The number of criminal environmental enforcement cases brought by the Interior Department has decreased by nearly 40 percent since 2016, according to internal data shared with The Hill.
Criminal environmental cases that often deal with unlicensed big-game hunting, illegal drug running, or oil and gas theft have all dropped to an almost 25-year low, according to the Interior data.
The tanking case referrals to the Department of Justice (DOJ), prosecutions filed and convictions come as law enforcement officer employment numbers at Interior are also on a downward swing.Officers within the Interior’s Bureau of Land Management (BLM) and National Park Service are increasingly stretched thin, with employment numbers at both agencies at an all-time low, according to another set of information shared with The Hill.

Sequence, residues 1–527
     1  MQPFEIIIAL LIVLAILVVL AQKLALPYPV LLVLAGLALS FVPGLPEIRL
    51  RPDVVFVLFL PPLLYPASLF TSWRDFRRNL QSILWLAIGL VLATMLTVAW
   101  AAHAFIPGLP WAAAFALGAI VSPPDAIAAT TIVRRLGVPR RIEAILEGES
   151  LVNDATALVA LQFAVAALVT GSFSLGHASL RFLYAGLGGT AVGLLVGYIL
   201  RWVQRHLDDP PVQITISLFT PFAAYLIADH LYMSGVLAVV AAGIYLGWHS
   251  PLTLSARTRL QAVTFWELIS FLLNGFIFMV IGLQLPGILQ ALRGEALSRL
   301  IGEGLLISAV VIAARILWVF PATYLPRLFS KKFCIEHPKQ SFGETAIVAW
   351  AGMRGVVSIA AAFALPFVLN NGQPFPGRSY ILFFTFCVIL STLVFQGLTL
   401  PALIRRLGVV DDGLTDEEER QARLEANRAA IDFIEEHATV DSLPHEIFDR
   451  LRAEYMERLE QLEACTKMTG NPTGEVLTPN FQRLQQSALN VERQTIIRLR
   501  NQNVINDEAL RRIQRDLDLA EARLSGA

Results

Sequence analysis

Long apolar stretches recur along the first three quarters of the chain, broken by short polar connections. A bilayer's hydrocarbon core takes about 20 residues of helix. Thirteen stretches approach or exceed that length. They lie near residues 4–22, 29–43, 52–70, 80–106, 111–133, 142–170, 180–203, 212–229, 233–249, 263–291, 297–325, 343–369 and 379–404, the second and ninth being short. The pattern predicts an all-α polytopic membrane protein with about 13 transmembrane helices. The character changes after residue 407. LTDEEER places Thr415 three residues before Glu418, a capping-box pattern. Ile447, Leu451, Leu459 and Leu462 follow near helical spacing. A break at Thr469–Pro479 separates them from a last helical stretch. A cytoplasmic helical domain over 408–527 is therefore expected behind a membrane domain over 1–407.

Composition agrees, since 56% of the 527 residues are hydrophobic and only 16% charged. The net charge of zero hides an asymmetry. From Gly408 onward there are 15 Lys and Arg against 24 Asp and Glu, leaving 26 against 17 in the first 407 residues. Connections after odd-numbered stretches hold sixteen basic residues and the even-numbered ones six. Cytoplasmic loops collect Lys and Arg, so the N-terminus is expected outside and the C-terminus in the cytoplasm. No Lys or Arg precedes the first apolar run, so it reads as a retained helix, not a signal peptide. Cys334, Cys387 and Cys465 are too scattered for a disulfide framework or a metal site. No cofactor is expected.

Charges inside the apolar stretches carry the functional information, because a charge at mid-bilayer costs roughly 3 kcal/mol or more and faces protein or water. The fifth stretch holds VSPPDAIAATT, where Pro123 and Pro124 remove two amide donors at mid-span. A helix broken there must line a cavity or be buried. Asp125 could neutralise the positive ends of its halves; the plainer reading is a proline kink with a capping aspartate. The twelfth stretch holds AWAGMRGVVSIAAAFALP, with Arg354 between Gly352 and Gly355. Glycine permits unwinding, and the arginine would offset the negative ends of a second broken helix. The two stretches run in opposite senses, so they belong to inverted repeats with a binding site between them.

The information was obtained by Public Employees for Environmental Responsibility (PEER) through Freedom of Information Act requests obtained personally and through the use of the Transactional Records Access Clearinghouse.
The number of cases referred by Interior to the DOJ to prosecute in fiscal 2018 stood at 132, down from 154 in 2017 and 216 cases in 2016, Obama’s last year in office. At the height of referrals in 2000, 835 cases were sought.
The number of cases ultimately taken up by the DOJ to convict has also significantly decreased. In 2018, the agency prosecuted 161 cases, the lowest number of cases taken up since 1991, according to the Interior data. The highest number of cases brought in one year was in 2007, with 644 cases prosecuted.